Ian Lucas (Wrexham) (Lab): Does my hon. Friend agree that one of the most successful ways of increasing the number of science graduates is through the foundation-degree route? Rather than simply concentrating on schools, we should be examining good examples of colleges and higher education institutions working with industry. For example, at Airbus in north-east Wales, there is a superb example of a foundation degree working excellently to bring us more science graduates.

Phil Hope: My hon. Friend is absolutely right. When I had the privilege of visiting Airbus a few weeks ago, I met some of the students who were undertaking foundation degrees. Many thousands of people in the work force are taking foundation degrees. The essence of the value of foundation degrees is that they are tailor-made to suit the needs of employers. At higher levels of study—level 4 and above—for employment that provides support to industries in terms of productivity, profitability, innovation, growth and development, foundation degrees are a real platform for people at work to improve their skills for the benefit of themselves, their companies and the country as a whole.

Mr. Boris Johnson (Henley) (Con): In spite of what the Minister says, I think that he would acknowledge that 30 per cent. of university physics departments have closed in the last eight years and the numbers studying chemistry have declined by 17 per cent. in the last 10 years. Against that background and in light of what he said earlier, I hope that he will support our amendment in the Lords which would entitle every pupil to triple science. Does he agree that we will never inspire our children to study physics as long as, in most of our schools, 80 per cent. of those studying physics are taught by someone with a degree not in physics but more likely in biology? Does he agree that the situation is a disgrace and needs to be remedied?

Phil Hope: To return to the real world, the fact is that we want more of our teachers to have degrees in the relevant subjects, and we are introducing a science diploma so that existing teachers can develop a specialism in subjects such as physics—the example the hon. Gentleman gave—to ensure that our young people get the best possible education. It is our investment in science laboratories, in schools across the piece and in the number of teachers that has resulted in the best ever GCSE and A-level results in this country since counting began; and that is despite the opposition from the Conservative party.

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3. Michael Fabricant (Lichfield) (Con): What assessment he has made of the number of racist incidents among students in higher education; and if he will make a statement. [92859]

The Minister for Higher Education and Lifelong Learning (Bill Rammell): We do not make this assessment centrally. We have, however, established robust legal protection against racism and as a result individual universities should have clearly identified procedures in place for dealing with racist incidents. The Race Relations (Amendment) Act 2000 places a general duty on university governing bodies to promote race equality in their institutions.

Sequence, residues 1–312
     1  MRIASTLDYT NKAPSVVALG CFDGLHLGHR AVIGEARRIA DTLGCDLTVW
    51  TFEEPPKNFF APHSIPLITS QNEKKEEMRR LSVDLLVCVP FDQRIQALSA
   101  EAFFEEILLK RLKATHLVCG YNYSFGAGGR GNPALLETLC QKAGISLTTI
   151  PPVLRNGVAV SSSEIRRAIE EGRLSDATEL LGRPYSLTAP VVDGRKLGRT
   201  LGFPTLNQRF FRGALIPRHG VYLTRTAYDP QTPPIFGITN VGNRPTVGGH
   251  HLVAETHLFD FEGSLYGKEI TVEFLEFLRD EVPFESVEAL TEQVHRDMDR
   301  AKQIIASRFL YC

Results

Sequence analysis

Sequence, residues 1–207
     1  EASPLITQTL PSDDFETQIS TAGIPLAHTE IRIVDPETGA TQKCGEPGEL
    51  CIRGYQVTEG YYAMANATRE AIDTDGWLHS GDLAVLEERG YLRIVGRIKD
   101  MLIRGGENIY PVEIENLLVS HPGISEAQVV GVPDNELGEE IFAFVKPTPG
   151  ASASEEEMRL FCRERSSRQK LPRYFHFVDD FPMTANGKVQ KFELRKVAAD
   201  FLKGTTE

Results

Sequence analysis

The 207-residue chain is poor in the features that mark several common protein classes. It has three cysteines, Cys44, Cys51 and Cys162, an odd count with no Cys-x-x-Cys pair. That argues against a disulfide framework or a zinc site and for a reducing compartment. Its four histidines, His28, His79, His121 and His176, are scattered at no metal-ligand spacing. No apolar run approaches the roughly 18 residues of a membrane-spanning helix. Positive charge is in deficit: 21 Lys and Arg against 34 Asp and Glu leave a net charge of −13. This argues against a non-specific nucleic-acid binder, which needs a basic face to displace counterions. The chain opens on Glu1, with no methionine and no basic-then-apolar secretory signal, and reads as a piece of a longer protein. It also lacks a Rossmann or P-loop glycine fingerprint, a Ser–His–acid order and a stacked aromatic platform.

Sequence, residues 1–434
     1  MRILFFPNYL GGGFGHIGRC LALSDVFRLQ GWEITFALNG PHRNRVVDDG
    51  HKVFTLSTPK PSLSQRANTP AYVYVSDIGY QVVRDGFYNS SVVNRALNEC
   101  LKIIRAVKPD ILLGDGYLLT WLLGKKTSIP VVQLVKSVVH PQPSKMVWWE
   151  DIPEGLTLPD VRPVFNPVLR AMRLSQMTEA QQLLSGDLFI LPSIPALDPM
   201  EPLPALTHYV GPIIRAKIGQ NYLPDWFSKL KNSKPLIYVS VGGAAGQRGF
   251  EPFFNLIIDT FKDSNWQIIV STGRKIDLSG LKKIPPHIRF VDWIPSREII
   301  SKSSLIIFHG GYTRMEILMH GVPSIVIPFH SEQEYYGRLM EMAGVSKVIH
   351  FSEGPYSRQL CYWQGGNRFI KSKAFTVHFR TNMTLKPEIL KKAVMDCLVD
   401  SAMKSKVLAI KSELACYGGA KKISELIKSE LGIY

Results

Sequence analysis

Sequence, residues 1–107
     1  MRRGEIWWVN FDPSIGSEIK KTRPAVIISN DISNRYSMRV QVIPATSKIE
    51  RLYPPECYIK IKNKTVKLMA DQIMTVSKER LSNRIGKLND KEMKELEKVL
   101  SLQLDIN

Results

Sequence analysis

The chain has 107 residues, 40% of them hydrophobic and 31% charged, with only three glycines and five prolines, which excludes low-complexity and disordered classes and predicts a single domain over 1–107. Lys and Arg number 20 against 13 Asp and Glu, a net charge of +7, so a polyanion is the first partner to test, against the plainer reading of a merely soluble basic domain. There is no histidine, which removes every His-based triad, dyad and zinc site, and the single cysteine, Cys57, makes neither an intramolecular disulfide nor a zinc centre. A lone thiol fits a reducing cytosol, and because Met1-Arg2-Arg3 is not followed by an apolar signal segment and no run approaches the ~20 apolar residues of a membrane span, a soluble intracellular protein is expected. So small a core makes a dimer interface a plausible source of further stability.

Michael Fabricant: The Minister has, I know, read the report of the all-party parliamentary inquiry into anti-Semitism, which talks about systematic racism going on in universities. It refers to a brick being thrown through the window of a Jewish student and a poster bearing the words “Slaughter the Jews” pasted on a Jewish student’s front door. This is being done by some extreme Islamic groups. The report’s main conclusion is that the response of vice-chancellors is at best patchy. What can the Government do to try to ensure that there is a consistent approach to combating anti-Semitism and all racism in all of our universities?

Bill Rammell: I am aware of the report; I gave evidence to the inquiry. I know that the hon. Gentleman has taken a great interest in these issues. I urge all vice-chancellors to take anti-Semitism and all forms of racism very seriously. The Government have placed strong legal obligations on all public bodies to tackle racism. The work that the equality challenge unit is doing with universities is the best way to spread good practice and tackle the issue.

David Lepper (Brighton, Pavilion) (Lab/Co-op): I welcome my hon. Friend’s comments. Does he agree, however, that one of the issues, as I have learned from speaking to students, is a reluctance on the part of some students to report incidents in the first place because they are not convinced that they will be dealt with properly by university authorities?

Bill Rammell: I certainly hope that my hon. Friend’s concerns are misplaced. We have to create a climate of confidence, and the report by the all-party inquiry makes an important contribution. It is important that the Government take the lead and make it clear that we expect universities to take these issues very seriously.

Mr. Charles Walker (Broxbourne) (Con): Will the Minister and the House join me in condemning the BNP in Broxbourne who target young people with their racist lies and filth? Will the House also join me in congratulating the young people in my constituency on turning their back on that nonsense and ensuring that we have happy, settled schools in Broxbourne?